Does Cacao Contain Caffeine?

The main and also stimulating substance in cocoa is theobromine. Named after the original name of the plant itself, Theobroma Cacao. Theobromine and caffeine have a similar chemical structure, they are both alkaloids. However, the two substances are different in their mode of action in the body.

The pleasant stimulation and increased energy that we feel with cocoa is primarily due to theobromine and should therefore not be confused. Whether cocoa contains caffeine at all, and if so how much, is still a matter of debate. The following sections should give you some orientation.

Have you ever tried cocoa and experienced a stimulating, unwanted effect?

Similar to after too much coffee? Then it may be that you got cocoa from a variety that contains a relatively high amount of caffeine. Because the amount of caffeine in cocoa beans depends, among other things, on where the beans were grown. Depending on the cultivation zone and origin, some beans seem to contain more caffeine than others and the cocoa then has a corresponding effect on caffeine-sensitive people. Cocoa beans can therefore contain varying amounts of caffeine, which are always small in relation to the other positive active ingredients. The exact content would have to be evaluated for each type of bean using laboratory tests.

Cocoa as a coffee substitute?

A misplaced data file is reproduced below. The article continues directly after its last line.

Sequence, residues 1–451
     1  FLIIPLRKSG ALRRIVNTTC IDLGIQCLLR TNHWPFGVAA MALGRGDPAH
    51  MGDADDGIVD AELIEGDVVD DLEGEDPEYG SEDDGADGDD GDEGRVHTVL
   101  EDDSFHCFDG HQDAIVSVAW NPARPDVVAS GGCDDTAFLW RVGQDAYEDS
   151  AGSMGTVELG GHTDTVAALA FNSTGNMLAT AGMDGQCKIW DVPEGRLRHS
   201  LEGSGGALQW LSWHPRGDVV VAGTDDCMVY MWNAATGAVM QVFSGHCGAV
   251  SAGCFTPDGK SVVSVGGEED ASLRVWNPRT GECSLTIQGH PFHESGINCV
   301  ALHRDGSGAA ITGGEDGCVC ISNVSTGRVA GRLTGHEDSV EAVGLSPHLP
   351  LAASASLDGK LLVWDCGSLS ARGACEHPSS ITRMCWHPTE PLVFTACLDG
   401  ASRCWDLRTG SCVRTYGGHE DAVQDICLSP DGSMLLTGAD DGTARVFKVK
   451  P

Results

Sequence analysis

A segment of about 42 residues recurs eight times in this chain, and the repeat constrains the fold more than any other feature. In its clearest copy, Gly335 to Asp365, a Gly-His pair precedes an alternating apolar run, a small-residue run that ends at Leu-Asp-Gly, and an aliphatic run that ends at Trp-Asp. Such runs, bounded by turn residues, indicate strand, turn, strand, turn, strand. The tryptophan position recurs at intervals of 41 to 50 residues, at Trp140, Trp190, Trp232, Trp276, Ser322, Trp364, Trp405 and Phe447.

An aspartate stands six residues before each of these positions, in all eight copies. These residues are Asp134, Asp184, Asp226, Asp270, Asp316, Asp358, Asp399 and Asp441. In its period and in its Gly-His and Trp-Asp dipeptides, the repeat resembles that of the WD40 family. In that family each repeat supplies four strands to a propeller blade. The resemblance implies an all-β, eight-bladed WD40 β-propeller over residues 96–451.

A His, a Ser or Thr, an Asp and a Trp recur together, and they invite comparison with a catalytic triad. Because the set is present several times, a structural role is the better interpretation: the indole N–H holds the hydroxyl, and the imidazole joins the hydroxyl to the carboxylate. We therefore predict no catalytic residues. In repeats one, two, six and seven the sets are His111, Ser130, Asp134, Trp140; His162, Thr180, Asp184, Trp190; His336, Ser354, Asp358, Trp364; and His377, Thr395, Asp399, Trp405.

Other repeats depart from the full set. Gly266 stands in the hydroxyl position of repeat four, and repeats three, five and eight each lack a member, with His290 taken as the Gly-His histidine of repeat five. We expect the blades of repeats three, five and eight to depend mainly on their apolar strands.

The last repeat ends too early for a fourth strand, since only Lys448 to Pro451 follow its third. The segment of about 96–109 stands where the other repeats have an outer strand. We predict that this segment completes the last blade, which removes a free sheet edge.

Cacao is definitely not a source of caffeine, but it is still energizing (stimulant), making it a wonderful substitute for morning or afternoon coffee. It has a softer effect and the effect also slides out gently. So cocoa can also be enjoyed in the late afternoon or in the evening. I prefer my personal cocoa ritual, depending on the daily program, also in the later hours of the day. In the quiet evening hours I can sometimes devote myself better to my creative projects. The effect sets in after about 20 minutes and cocoa should not be drunk immediately after a meal so that the effect can develop as best as possible. In order to get closer to cocoa, I recommend starting with a smaller dosage, approx. 20 grams of cocoa mass per 150 ml of water.  This is already sufficient to feel the effect of the cocoa.

Different modes of action of theobromine and caffeine

Coffee or caffeine has a direct effect  on the central nervous system, crossing the blood-brain barrier. The theobromine in cocoa is absorbed much more slowly in the body via the gut (gut-brain axis). Theobromine has about a quarter of the stimulating power of caffeine in this regard. Cacao gives us the “big heart” effect and lets us feel with consciousness much more in the heart and body than coffee or caffeine. The noticeable effect is a feeling of focus and relaxation at the same time. In comparison, cocoa brings us body awareness, while the caffeine in coffee stimulates us mentally and acts on the central nervous system.

Caffeine amounts in a comparative overview

A cup of coffee contains between 50 to 175 milligrams of caffeine,  a cup of tea between 25 to 100 milligrams and a cup of cocoa about 25 mg or less. Cocoa is a natural product and the information may vary due to the explanations above. If caffeine-sensitive people get headaches after drinking cocoa despite the low caffeine content, a glass of water with a teaspoon of MSM (methylsulfonylmethane) after the cocoa can help. And the change to a cocoa from another country of origin, for example Central America.

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Written by Kristen Cook

I am a recipe writer, developer and food stylist with almost over 5 years of experience after completing the three term diploma at Leiths School of Food and Wine in 2015.

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